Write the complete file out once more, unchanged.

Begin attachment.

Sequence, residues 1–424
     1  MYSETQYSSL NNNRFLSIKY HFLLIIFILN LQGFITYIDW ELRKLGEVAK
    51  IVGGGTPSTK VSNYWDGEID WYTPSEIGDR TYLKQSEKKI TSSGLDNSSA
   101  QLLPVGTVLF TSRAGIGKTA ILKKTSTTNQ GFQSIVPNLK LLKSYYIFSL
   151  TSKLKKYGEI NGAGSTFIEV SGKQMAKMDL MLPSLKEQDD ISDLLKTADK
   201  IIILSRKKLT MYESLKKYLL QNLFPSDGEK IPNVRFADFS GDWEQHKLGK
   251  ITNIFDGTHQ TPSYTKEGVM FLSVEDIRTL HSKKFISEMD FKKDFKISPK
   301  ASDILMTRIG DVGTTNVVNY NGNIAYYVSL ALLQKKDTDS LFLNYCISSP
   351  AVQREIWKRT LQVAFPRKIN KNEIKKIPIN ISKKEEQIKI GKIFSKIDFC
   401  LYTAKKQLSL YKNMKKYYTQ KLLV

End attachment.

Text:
Sequence, residues 1–424
     1  MYSETQYSSL NNNRFLSIKY HFLLIIFILN LQGFITYIDW ELRKLGEVAK
    51  IVGGGTPSTK VSNYWDGEID WYTPSEIGDR TYLKQSEKKI TSSGLDNSSA
   101  QLLPVGTVLF TSRAGIGKTA ILKKTSTTNQ GFQSIVPNLK LLKSYYIFSL
   151  TSKLKKYGEI NGAGSTFIEV SGKQMAKMDL MLPSLKEQDD ISDLLKTADK
   201  IIILSRKKLT MYESLKKYLL QNLFPSDGEK IPNVRFADFS GDWEQHKLGK
   251  ITNIFDGTHQ TPSYTKEGVM FLSVEDIRTL HSKKFISEMD FKKDFKISPK
   301  ASDILMTRIG DVGTTNVVNY NGNIAYYVSL ALLQKKDTDS LFLNYCISSP
   351  AVQREIWKRT LQVAFPRKIN KNEIKKIPIN ISKKEEQIKI GKIFSKIDFC
   401  LYTAKKQLSL YKNMKKYYTQ KLLV